Putney Stories

Angie Wood

on Jul 27th 2008

by Stuart Strothman, August 2002, at Angie Wood’s apartment at 91 Main Street

When Angie Wood was three years old, a woman who had been involved in the founding of Northfield Mount Hermon came to New York City, and came to know Angie’s mother, who was young with many children, and little Angie, the fifth, was sick with the flu that took so many lives during World War I. This woman, Mrs. Dunklee, brought Angie to live in the healthier climate of Vernon, Vermont, where she stayed until first grade. Read the entire post: Angie Wood

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Father James Coombs

on Jul 27th 2008

by Stuart Strothman, August 2002, at the rectory on Old Depot Rd.

Father James Coombs, who resided at the Catholic rectory on Old Depot Road, first came to Putney in 1942 for summer vacations.  His grandfather had lived in Vermont, working as a stonecutter in West Dummerston, and so his father was born here, and had come to know the area’s native beauty; in fact, all of Father Coombs’ brothers and sisters were born in West Dummerston.  Read the entire post: Father James Coombs

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Doris Fredericks

on Jul 27th 2008

by Michael C. Morello, Landmark student, April 2002

Doris Fredericks, owner of the Clay School, has been a citizen of Putney, Vermont since 1978.  Her past has had many twists and turns, which eventually led her to this small semi-rural town in southern Vermont. Read the entire post: Doris Fredericks

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Ines Zeller

on Jul 27th 2008

by Mark Rosen, Landmark student, April 2002

This year, writers of a historical book about Putney relied on engagement of volunteers who interviewed and wrote summaries about people, organizations, businesses, and places in Putney. These materials will be used to make statements about general themes and trends regarding town life in the last 50 years. The purpose of my interview was to interview a Putney resident with intercultural ties about living in Putney, and to gather a sense of some typical occurrences in daily life. Read the entire post: Ines Zeller

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Curtis All American B-B-Q

on Jul 27th 2008

by Vashon Townshend, Landmark student, May 2002

In an effort to learn about the history of Putney, Vermont from the perspective of one of its citizens, I interviewed Mr.Curtis Tuff, an African American, who owns Curtis’ Barbecue in Putney. The following are the results of that interview.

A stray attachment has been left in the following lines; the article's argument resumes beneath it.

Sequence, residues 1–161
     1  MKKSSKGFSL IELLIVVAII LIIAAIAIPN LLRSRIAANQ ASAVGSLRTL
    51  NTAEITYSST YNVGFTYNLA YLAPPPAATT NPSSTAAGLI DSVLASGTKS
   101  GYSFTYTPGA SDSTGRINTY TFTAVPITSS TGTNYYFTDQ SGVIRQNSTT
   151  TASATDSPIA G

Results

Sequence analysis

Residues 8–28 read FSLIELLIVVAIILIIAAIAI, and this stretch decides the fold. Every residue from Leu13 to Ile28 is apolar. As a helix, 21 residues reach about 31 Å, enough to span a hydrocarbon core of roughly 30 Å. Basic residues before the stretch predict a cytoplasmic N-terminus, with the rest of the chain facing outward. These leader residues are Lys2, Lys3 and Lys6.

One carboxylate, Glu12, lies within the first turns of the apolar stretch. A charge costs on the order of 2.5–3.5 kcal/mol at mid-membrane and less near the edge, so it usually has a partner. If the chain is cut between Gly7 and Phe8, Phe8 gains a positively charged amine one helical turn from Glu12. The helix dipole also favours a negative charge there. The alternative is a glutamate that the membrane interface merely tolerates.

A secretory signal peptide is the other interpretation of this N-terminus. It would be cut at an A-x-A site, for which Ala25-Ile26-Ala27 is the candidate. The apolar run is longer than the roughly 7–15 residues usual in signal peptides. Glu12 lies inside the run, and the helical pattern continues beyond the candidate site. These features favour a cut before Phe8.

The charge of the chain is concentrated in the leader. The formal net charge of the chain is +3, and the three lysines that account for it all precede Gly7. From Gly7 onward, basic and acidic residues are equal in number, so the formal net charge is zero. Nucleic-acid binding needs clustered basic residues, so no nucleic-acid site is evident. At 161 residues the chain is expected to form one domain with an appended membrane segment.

Curtis arrived in Putney many years ago following his involvement in a counterculture community, which he said was mostly a recreational experience. He explained that his life was very “laid back” and peaceful. From the beginning of his time in Putney, he enjoyed living in the mountains and the open spaces. Read the entire post: Curtis All American B-B-Q

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William Graham: Law enforcement in Putney

on Jul 27th 2008

By Stuart Strothman, June 2002

For every land where reasonable law is held as the standard for society, there must be people to enforce the law. These people are in a demanding position, not only because bravery and clarity are required as a matter of course, but because a careful balance must be found between law enforcement, peacekeeping, and respect for the constitutional rights of citizens. William Graham, as a longtime citizen and well-respected law enforcement officer in the town of Putney, with more than thirty years spent as Windham County Sheriff, seems to have created a comfortable balance in his lifetime, as has Henry Farnum, also of Putney, fourteen years his chief deputy and recently county sheriff. Though many people in Windham may not realize, citizens of the town of Putney have played a very important role in the development of reliable law enforcement, county wide. Read the entire post: William Graham: Law enforcement in Putney

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Olive Frost

on Jul 27th 2008

By Laurel Ellis, August 23, 2006

In our busy here and now it’s hard to imagine how different everything will be at some unknown time in the future. Today’s minor hardships could even be remembered with a touch of nostalgia for the related memories of simpler and otherwise happy times. Sometimes it’s someone else’s memory that enriches our sense of everyday life at a time and place we could never experience first hand. Like a good novel but much more real. Such was the feeling enjoyed when talking with Olive Frost in August, 2006. Read the entire post: Olive Frost

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Ellie Lascore: Waitress, Putney Diner

on Jul 27th 2008

Interview and transcription by Paul Levasseur, April 2007

This is the best job in the world for anybody like me.

I had a very tough childhood, but as I grew older it got better, through my work. That’s what made me happy, I found out.

This is the best job in the world for anybody like me. You know, you can meet nice people, you have a good time, and you get paid for having a good time! I mean I just met so many wonderful people, and it’s never been a job for me. It’s been a good time, all the time. My kids can’t get over that, or anyone that knows me can’t get over that. Read the entire post: Ellie Lascore: Waitress, Putney Diner

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